Paleoecological records inform conservation management in New Zealand
Pollen and ancient DNA from coprolites and peat reveal new and surprising insights about past pollination, herbivory, and native/alien status in New Zealand. These paleoecological findings help in understanding ecosystem structure and function before human arrival, informing current conservation, restoration, and management issues.
Oceanic islands have been transformed by forest clearance, extinctions, and invasive species following human arrival, leading to the creation of novel ecosystems (Wood et al. 2017; Nogué et al. 2021). This creates challenges for the management of current ecosystems, particularly if only relatively short-term ecological and historical observations are available to estimate what is "natural" on the landscape today (Willis and Birks 2006).
Paleoecology provides a longer-term perspective, and a more scientifically informed and defensible basis for biodiversity management decisions (Willis et al. 2007). Increasingly, paleoecological studies are providing new insights on ecological networks and interactions (e.g. pollination, seed-dispersal, and herbivory), function, and resilience (Dietl 2015), which can increase our understanding of current ecosystems and inform their management (Willis et al. 2007; Johnson et al. 2017). This is important in restoring degraded ecosystems where critical ecological functions have been disrupted.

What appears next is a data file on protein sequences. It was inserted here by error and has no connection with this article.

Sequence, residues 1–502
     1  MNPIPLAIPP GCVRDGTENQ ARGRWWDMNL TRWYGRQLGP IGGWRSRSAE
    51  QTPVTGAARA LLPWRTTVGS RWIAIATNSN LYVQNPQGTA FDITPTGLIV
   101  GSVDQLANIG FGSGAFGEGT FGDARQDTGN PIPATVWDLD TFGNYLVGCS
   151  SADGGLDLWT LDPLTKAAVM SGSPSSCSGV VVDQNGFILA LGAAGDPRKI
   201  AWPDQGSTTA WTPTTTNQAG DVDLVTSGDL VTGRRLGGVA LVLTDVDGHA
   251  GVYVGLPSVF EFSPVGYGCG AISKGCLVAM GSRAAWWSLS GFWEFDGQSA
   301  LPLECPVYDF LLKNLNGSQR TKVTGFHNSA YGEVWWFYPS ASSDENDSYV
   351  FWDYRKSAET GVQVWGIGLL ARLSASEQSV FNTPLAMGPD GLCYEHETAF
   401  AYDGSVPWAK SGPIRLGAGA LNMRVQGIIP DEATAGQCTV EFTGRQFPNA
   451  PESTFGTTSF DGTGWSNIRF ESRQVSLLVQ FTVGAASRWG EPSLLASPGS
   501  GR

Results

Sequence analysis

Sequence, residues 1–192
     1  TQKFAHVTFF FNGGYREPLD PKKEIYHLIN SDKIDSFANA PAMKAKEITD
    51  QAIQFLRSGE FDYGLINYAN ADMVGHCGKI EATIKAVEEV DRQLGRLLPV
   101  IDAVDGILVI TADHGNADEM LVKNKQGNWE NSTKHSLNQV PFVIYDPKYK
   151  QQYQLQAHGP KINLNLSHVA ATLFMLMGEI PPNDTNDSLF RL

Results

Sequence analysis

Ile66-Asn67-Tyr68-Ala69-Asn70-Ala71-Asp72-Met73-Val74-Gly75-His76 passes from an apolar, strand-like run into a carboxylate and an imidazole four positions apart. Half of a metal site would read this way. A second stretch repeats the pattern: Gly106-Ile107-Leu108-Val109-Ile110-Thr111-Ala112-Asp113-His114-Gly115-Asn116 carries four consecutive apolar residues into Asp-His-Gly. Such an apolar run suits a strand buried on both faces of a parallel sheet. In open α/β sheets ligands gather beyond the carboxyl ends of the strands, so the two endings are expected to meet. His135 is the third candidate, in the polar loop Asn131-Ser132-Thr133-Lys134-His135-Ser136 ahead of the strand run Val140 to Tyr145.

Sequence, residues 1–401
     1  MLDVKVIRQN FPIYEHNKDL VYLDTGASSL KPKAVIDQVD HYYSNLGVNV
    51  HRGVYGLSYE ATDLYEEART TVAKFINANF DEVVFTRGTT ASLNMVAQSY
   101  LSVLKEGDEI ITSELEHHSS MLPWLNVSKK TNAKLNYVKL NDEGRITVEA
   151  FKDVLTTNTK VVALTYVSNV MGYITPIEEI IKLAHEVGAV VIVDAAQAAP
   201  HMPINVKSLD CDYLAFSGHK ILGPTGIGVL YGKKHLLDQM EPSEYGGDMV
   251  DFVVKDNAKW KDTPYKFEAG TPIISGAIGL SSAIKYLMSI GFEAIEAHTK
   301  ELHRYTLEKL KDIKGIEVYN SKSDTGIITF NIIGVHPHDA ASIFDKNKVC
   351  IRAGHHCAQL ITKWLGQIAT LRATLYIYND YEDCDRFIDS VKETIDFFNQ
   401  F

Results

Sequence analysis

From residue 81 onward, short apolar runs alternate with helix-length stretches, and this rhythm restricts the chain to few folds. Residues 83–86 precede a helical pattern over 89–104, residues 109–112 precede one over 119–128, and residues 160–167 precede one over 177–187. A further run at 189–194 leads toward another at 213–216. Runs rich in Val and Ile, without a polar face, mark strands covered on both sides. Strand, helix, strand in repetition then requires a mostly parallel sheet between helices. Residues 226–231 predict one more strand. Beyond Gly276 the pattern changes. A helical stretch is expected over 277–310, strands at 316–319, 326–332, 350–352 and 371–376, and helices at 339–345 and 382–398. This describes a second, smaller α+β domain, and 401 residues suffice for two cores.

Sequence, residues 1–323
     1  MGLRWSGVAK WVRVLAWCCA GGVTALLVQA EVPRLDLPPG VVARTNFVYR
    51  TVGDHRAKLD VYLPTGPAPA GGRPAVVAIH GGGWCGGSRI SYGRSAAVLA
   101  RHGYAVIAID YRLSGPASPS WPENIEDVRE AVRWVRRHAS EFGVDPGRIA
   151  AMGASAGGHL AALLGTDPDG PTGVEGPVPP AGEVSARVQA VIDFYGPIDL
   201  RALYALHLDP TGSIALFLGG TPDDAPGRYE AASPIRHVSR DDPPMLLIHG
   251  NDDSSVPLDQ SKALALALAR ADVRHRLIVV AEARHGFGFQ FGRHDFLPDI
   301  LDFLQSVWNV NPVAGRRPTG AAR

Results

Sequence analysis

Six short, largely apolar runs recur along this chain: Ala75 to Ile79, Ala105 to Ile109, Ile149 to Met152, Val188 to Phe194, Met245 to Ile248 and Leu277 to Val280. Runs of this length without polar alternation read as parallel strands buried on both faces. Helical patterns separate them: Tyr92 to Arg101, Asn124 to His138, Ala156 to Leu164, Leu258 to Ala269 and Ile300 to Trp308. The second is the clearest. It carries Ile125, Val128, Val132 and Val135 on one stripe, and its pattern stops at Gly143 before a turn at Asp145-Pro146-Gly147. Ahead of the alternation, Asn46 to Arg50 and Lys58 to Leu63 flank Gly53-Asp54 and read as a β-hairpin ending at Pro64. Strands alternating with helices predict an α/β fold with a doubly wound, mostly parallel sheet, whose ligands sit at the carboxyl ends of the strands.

As with many islands, initial human settlement of New Zealand ca. 1280 CE saw fundamental changes to ecosystems, largely through deforestation by fire and the rapid demise of its bird-dominated fauna (Perry et al. 2014a; Perry et al. 2014b; Wood et al. 2017). Here we showcase three examples from New Zealand where pollen and ancient DNA analyses of coprolites and peat have expanded our understanding about ecological processes and interactions and contributed to debates about contemporary conservation issues, including restoration of pollination, management of herbivores and establishing the native versus alien status of species.
Restoring ecological interactions: analysis of coprolites uncovers lost pollinators